Interview with Alessandro Calascibetta, Men’s Fashion Director

by Alessandro Berga

First off, I would like to ask you about your teaching of fashion?

Fashion that is taught is the one you find in fashion history books. Then there’s the “Image of Fashion,” which is expressed through Fashion Photography and that’s not something that you can teach or learn: it is pure instinct. It’s better to have a photographer who has elementary technique and strong instinct than the contrary. And it’s better to have a stylist who can’t tie a bowtie but knows how to express his or her talent through an innate style.

You have a very precise approach to men’s fashion and you share it with your readers. Instinctive impulses?

I have the privilege of being the “director” of men’s fashion for various Rizzoli publications, each of which has a different aim and reaches a different audience. Therefore, my approach changes according to the editorial guidelines of the publication. It’s very challenging work, and not simple by any means, but it is rewarding because it enables me to reach a wide and varied audience that has different needs and habits.

This aside, to set up a fashion shoot, I rely totally on instinct. The set, the casting, the grooming and, naturally, the fashion itself are the fruit of a process that is certainly instinctual.

Your editorial work tends to destroy the false structure of the logic of taste, at which point our foundations begin to crumble and that which is boring and common give way to an uncontaminated space from which our own individuality emerges. How do you do this through Max Italia and Style Magazine for men and Io Donna without being “ex-cathedra”?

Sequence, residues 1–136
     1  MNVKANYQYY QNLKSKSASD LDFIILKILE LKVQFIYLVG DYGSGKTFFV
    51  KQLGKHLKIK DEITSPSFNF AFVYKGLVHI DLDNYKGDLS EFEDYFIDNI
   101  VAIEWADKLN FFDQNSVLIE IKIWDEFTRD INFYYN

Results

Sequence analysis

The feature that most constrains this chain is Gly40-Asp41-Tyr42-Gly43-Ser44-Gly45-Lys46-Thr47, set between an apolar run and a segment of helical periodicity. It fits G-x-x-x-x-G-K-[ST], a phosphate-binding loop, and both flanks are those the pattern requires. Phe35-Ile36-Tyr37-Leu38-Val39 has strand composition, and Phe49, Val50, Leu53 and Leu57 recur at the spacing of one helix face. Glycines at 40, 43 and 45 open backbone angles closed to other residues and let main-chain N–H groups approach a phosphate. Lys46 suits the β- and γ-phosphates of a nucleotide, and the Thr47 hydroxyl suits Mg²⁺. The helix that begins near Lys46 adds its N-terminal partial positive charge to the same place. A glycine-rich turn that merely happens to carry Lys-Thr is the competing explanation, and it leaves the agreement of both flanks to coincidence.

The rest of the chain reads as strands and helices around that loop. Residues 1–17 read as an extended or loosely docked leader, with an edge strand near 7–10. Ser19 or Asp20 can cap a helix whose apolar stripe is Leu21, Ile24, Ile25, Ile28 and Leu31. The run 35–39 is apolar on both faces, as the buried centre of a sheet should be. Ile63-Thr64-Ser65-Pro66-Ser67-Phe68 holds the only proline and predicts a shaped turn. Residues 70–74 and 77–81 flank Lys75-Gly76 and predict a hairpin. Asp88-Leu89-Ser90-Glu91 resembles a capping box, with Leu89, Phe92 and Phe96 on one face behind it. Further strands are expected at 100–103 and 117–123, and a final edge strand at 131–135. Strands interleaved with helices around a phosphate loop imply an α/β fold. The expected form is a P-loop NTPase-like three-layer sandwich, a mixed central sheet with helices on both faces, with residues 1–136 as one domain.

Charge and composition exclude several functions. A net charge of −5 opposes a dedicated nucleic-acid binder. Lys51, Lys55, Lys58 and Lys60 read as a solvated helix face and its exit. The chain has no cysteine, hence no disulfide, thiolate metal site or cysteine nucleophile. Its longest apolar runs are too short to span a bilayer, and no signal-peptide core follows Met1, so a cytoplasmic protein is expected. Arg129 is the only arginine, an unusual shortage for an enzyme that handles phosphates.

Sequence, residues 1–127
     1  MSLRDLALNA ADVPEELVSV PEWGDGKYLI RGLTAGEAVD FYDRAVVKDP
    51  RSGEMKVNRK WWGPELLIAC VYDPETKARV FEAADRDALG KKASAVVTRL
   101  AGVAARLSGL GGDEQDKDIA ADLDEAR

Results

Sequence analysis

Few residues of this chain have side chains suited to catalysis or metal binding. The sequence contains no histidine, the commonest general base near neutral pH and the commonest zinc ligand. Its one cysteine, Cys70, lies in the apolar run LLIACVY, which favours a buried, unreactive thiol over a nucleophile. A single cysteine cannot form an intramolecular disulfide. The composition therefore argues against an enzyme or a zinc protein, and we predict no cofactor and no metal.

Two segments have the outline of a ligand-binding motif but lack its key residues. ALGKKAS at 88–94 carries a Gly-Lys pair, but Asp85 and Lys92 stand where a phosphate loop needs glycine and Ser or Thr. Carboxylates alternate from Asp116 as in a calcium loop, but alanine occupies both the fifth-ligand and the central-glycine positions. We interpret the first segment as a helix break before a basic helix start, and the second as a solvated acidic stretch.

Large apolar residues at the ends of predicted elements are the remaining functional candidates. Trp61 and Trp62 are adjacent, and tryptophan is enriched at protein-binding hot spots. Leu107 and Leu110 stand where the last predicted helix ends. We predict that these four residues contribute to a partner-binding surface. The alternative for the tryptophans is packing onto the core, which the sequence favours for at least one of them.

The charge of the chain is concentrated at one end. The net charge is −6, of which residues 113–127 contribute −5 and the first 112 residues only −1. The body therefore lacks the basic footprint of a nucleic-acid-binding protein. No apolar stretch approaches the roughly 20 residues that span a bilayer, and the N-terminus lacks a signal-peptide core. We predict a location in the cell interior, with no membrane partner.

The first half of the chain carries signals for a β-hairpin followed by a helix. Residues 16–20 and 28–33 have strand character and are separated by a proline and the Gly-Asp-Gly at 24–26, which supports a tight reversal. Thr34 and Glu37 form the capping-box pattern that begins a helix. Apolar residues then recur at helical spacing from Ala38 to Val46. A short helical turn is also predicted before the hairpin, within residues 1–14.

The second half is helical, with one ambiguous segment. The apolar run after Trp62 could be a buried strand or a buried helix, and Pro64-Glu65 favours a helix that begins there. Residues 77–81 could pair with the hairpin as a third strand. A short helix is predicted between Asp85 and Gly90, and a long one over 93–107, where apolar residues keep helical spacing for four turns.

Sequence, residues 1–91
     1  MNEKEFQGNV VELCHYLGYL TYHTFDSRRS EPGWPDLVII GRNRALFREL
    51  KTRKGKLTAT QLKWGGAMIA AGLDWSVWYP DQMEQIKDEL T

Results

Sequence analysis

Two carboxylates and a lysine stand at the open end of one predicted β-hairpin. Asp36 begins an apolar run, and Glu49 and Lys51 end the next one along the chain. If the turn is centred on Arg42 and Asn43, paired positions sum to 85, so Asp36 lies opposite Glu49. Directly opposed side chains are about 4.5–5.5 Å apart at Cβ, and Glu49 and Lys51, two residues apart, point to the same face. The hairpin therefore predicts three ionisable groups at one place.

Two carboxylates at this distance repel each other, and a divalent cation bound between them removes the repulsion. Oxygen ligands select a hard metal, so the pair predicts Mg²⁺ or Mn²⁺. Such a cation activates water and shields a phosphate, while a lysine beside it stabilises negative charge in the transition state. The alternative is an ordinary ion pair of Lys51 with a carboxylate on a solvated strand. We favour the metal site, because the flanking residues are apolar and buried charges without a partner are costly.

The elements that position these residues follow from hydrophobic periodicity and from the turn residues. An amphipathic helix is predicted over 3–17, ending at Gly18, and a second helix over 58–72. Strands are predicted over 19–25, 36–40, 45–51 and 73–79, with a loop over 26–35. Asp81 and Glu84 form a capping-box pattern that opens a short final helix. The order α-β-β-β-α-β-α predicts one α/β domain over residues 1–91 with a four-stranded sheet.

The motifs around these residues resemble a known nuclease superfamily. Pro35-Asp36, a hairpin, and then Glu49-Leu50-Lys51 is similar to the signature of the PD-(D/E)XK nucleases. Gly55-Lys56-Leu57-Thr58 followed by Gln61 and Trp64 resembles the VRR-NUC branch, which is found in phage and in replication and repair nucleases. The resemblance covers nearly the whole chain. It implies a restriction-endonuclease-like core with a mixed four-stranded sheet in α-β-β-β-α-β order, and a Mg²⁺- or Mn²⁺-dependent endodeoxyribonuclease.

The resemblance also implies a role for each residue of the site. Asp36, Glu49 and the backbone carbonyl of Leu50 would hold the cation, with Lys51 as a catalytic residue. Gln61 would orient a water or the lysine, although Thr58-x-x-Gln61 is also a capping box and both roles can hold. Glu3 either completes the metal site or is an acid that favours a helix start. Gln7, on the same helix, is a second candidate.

In actual fact, when one has such an “important” role it is very hard not to teach “from the chair.” I’m happy that I don’t give that impression, but it’s pretty inevitable. The secret lies in creating a styling or writing style tips that are fairly unconditioned by trends (naturally, it is impossible to be completely unconditioned: if you want red and no one has ever done red…). As I said before, you have to listen to your instinct in order to invent something new every time. But before me, the designers are the ones who invent and provide inspiration; my work comes as a consequence of theirs. At any rate, the end consumer has the last word. Do my editorials influence readers? I don’t know, but, naturally, I hope so.

At the ripe age of 50, you continue to be relentless in your fight against hypocrisy. What are the taboos you would like to destroy in the fashion world? A world that you defend tooth and nail. Is there a hierarchy of values?

The hierarchy of values is established on its own based on the experience of each one of us, and it’s not always respected. The discussion would be too long and I don’t want to start an argument, but I do like to speak clearly.

How do you explain the charismatic effect you have on people?

You’re very kind. In fact, I can’t explain it at all :) But if you say that I have it…then you should explain it to me!

MALO is the last bastion that selects only the finest cashmere and transforms it into high-quality threads, fabrics and knits thanks to sophisticated technology combined with a deep knowledge of the textile tradition. Why is Italian craftsmanship suffering despite its mastery?

Well, first of all, the economic situation in Europe isn’t doing anyone any favors. The importance of remaining rooted in tradition and craftsmanship is undeniable, and Italy is unrivaled in this respect. The State should provide benefits to SMEs.

Last question: what is your recipe for happiness?

Thinking of the well-being of others, in addition to our own.

Alessandro Berga

Follow Us
Join our community and become a part of Malo World.
Sign up to our newsletter and be the first to receive exclusive updates.

Feel free to contact us using this page. We will answer in the shortest time possible.